It starts with the annual migration of starfish, a sign of good fortune on par with a sighting of the Blessed Virgin. Set in the Lowcountry, author Michele Kingery's first novel, "Starfish," revolves around the five-pointed sea stars and their importance in the life of protagonist Charli Weeks.
Kingery set out to write the story of a family getting through tough times, based on characters and events in her own life. But the environmental component of the starfish in the book caught the attention of The Nature Generation, an organization that works to instill a sense of environmental stewardship in youth. The organization put "Starfish" on its short list for the Green Earth Book Awards in the Young Adult Fiction category, which came as a happy surprise to Kingery.
"It was completely serendipitous," Kingery said. "Just to be a finalist is amazing to me."
Winners will be announced on Earth Day, which is Tuesday. Attempts to reach The Nature Generation officials for comment were unsuccessful.
"I love the starfish because of that theme of renewal and regeneration," Kingery said. "A starfish can lose a limb and regenerate, so there was that whole motif of healing and rebuilding."
On fictional Long Point Island, which Kingery based on Isle of Palms in Charleston County, the annual stranding of starfish on the beach is celebrated by islanders and seen as good luck. The summer Charli turns 15, the starfish don't show, and things in her life
quickly unravel. Her older brother wrecks his car, killing another person, and the implications leave her once-happy family anything but.
Kingery, a mother of four who lives in Columbia, was put in a similarly devastating scenario 10 years ago, when her son was involved in an accident.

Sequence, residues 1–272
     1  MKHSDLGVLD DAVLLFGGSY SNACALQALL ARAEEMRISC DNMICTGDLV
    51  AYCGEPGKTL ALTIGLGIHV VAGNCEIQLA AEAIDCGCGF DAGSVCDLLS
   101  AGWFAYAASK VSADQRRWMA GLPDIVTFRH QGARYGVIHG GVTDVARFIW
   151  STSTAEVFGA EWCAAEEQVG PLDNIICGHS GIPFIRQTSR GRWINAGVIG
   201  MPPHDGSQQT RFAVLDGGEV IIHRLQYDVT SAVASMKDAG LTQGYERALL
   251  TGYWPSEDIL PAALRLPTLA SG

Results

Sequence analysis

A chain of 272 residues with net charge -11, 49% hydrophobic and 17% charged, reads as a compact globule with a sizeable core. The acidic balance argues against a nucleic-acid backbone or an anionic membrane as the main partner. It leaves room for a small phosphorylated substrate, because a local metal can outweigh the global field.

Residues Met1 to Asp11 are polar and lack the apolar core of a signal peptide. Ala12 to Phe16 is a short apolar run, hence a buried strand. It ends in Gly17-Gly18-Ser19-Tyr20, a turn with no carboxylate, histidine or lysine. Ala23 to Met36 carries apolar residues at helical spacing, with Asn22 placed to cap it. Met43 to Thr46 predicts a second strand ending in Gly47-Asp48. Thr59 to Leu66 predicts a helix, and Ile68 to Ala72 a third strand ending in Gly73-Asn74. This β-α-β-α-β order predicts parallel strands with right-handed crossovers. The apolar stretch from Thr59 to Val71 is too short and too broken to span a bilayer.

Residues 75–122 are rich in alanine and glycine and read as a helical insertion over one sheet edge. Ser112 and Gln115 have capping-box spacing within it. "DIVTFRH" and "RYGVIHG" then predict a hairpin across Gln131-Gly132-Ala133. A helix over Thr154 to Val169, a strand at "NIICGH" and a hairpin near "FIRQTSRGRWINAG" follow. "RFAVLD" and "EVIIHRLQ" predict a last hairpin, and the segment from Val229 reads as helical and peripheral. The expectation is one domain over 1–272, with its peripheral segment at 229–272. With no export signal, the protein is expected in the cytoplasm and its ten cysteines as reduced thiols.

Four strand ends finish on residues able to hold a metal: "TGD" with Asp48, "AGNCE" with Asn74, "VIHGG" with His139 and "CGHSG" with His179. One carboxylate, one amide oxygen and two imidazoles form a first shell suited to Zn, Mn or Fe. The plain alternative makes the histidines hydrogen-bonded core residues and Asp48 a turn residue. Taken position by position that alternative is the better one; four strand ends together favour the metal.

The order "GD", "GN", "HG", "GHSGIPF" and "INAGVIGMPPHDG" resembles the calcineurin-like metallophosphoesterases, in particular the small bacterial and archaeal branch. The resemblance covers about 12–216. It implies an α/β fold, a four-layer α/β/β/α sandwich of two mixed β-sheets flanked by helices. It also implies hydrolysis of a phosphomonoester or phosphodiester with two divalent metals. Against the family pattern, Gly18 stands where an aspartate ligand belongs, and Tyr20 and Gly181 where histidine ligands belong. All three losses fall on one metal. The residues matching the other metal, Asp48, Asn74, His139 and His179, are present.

"I got the call that no mother wants to get," she said. "Everything came from that."
She would not elaborate on her son's accident.
Writing became a way to process the events in her life, Kingery said. It also helped her daughter, Chloe, who inspired the character Charli.
"I wanted Charli to have something beyond what had happened in her family to define herself with," Kingery said. "Her question is, 'Am I forever going to be the girl to whom this happened to? Or am I going to expand the definition of who I am?'"
The starfish are Charli's answer to those questions.
Mass starfish strandings do occur along Lowcountry coasts and are usually caused by storm-tossed seas and strong currents, said Al Segars, a veterinarian for the S.C. Department of Natural Resources. It's typically weather-related and not a sign of trouble, he said.
Although Kingery's Earth Book Award nomination was a surprise because she didn't set out to write a book with a strong environmental theme, she said her future writing will probably focus on what's happening in the environment.
In addition to writing, she keeps bees, a species in distress. Her next work will probably be about them, she said.
For "Starfish," Kingery said she mostly hopes readers connect with the character Charli Weeks.
"The character has a lot of spunk and stamina and gumption. I want people to fall in love with Charli Weeks," she said. "And find the Charli Weeks within themselves."
Follow reporter Erin Shaw at twitter.com/IPBG_ErinShaw.